The district also put the crushed glass on about an acre of land to level off ground used for its expanding compost processing. 

In May, John Brabant, a former solid waste regulator who is now the regulatory affairs director for the nonprofit Vermonters for a Clean Environment, requested that the District 4 Environmental Commission decide whether Chittenden Solid Waste District should have obtained a permit for the alleged glass disposal. 

In August, the commission issued an opinion that the district needs to retroactively apply for an Act 250 permit as the activities did not fit under its existing land use permits. 

Mark Hall, an attorney with Paul, Frank and Collins representing the waste district, filed a request for reconsideration, saying that the Act 250 coordinator “improperly concluded” that the district needed a permit by relying on statements in ANR’s alleged violation that the material was solid waste. 

Last week, Rachel Lomonaco, district coordinator for the District 4 Environmental Commission, denied the district’s request for consideration. She stated that regardless of whether the material was technically processed glass aggregate or not, the glass placement was significant enough to require an Act 250 permit. 

“The make-up of the material is not a central issue in determining whether a material change to an existing development has occurred,” she wrote in her response.

Lomonaco also took issue with Chittenden Solid Waste District’s characterization that using the glass material as an embankment was allowed under the district’s solid waste permit. She states in her response that while engineering inspection reports of the area say that the district may need to take “typical housekeeping” to address minor erosion, the engineering reports do not suggest that large embankments would be needed to shore up the roadway.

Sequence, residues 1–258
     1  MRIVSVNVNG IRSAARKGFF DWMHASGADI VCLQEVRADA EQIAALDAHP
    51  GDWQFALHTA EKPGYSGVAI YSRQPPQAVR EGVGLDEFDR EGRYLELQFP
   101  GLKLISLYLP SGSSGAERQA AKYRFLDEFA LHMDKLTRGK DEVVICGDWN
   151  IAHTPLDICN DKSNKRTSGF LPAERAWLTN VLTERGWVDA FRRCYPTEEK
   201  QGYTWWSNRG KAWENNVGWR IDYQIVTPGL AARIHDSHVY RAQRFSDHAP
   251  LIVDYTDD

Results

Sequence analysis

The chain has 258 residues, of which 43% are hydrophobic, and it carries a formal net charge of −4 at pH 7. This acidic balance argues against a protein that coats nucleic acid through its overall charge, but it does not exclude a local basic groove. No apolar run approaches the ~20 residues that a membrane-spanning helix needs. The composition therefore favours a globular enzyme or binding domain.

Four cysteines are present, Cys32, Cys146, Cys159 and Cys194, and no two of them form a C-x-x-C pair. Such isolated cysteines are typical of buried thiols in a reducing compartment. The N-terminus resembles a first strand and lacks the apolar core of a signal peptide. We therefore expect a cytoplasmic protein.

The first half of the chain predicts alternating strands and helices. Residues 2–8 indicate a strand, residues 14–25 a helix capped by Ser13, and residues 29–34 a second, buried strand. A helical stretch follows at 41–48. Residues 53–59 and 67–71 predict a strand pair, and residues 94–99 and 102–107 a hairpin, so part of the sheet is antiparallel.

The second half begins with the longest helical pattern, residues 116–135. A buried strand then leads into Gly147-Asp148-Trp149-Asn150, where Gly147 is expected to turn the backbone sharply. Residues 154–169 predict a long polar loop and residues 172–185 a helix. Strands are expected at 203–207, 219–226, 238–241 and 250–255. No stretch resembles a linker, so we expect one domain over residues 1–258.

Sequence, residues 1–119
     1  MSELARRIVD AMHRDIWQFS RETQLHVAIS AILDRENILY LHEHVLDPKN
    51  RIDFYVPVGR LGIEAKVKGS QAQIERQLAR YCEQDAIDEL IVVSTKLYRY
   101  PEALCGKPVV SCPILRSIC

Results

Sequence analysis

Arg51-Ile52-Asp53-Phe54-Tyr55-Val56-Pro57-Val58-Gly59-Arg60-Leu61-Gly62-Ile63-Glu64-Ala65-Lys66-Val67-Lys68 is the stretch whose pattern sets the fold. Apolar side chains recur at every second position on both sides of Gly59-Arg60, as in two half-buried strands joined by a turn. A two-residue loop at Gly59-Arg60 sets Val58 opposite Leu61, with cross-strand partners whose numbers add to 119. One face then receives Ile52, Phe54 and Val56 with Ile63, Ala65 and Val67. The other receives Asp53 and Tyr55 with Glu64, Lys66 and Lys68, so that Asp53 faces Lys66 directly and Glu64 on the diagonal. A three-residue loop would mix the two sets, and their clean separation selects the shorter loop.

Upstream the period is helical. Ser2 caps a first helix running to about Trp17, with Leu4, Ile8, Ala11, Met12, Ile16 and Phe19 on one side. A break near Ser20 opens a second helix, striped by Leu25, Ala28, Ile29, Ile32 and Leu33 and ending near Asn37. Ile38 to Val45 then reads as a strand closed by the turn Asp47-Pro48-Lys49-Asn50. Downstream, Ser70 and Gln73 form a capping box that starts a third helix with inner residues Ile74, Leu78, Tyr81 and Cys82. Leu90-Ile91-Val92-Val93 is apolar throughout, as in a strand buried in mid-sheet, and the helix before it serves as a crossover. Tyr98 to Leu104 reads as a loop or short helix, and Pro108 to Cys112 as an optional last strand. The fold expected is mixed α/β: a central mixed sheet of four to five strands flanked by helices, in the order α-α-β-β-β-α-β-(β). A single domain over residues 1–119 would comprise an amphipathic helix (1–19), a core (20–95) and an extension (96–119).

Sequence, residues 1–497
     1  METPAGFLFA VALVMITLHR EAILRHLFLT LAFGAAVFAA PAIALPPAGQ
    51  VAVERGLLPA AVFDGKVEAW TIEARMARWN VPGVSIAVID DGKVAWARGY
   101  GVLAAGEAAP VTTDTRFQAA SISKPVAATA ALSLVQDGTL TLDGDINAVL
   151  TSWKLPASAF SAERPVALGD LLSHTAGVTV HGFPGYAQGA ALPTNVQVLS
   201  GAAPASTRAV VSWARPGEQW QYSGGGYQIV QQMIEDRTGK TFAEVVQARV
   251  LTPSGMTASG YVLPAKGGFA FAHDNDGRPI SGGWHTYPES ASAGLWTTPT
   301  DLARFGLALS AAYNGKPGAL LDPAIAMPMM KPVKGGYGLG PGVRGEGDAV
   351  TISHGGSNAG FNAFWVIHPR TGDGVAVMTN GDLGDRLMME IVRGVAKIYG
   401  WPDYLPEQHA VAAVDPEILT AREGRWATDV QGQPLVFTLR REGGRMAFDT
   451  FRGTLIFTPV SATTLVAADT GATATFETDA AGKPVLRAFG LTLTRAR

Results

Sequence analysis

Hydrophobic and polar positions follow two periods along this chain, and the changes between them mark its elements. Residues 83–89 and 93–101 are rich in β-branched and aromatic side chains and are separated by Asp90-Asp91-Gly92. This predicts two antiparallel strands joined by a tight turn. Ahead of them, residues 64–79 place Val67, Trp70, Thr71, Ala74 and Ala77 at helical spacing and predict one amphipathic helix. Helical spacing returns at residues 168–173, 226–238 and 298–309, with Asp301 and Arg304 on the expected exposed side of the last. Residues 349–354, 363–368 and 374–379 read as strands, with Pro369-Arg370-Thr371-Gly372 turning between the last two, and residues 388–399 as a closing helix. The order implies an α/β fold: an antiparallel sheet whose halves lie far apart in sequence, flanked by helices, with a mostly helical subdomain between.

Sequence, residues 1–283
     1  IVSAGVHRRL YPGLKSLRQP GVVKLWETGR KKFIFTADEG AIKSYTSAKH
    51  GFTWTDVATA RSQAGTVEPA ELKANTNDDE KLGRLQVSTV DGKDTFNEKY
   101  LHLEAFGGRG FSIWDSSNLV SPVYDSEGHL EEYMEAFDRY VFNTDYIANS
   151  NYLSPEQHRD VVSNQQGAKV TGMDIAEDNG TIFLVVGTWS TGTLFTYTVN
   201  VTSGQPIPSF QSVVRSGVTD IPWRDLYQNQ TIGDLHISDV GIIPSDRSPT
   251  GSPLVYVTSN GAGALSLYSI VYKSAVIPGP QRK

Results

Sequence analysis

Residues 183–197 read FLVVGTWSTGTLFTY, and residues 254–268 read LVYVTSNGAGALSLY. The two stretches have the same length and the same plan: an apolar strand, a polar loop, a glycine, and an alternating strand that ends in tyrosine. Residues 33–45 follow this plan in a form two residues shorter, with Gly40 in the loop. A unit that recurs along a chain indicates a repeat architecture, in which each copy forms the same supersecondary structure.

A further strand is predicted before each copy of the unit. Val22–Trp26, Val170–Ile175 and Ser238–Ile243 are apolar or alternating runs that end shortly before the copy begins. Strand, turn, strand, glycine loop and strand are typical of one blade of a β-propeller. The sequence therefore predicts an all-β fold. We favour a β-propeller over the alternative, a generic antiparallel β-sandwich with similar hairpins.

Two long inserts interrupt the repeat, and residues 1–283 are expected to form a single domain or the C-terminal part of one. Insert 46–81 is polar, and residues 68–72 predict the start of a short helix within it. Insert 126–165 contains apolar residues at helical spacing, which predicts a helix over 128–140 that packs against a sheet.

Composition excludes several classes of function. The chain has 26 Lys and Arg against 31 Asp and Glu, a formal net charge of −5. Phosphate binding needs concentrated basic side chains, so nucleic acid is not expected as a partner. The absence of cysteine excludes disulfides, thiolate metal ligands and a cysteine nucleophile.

“There is no convincing evidence…in the Act 250 record that the use of glass material is allowable or was even contemplated for repair maintenance activities,” Lomonaco wrote. 

Sarah Reeves, executive director of the Chittenden Solid Waste District, said that the district will file an appeal with the environmental court. The district also is debating filing an Act 250 permit amendment, she added. 

Reeves stressed that the district invested half a million dollars in a glass processing system to clean glass so it can be used as aggregate for construction projects. She added that there is a general misunderstanding that glass recycled through blue bin recycling can be turned back into glass bottles. 

“The only container glass that has the potential to be turned back into a new bottle is glass that is collected and sorted through the bottle bill system,” she said. 

CSWD and other, including environmental advocates, have pushed for an expansion of Vermont’s bottle bill program, or redemption center recycling. Bottle bill recyclables are presorted and less contaminated. Reeves also said that the dearth of glass manufacturers means there’s “little incentive” for them to take anything but premium “bottle bill” glass. 

A 2018 survey of Northeast material recovery facilities found that 54% of reported glass is sent to processors for further cleaning, 38.37% is used at landfills and 0.02% is sent directly to container manufacturers. Respondents said it is a challenge to recycle glass because of the wear and tear on equipment, contamination, lack of markets and cost.

Vermont’s other material recovery facility — owned by Casella Waste Systems in Rutland — received approval from ANR last year to use recycled glass in construction projects at the Coventry landfill, according to a state report.

Meanwhile, the Agency of Natural Resources has forwarded an investigation into the alleged violation to the state Attorney General’s Office. Rob McDougall, chief of the environmental protection division for the attorney general, said the division is reviewing the matter, but could not comment further.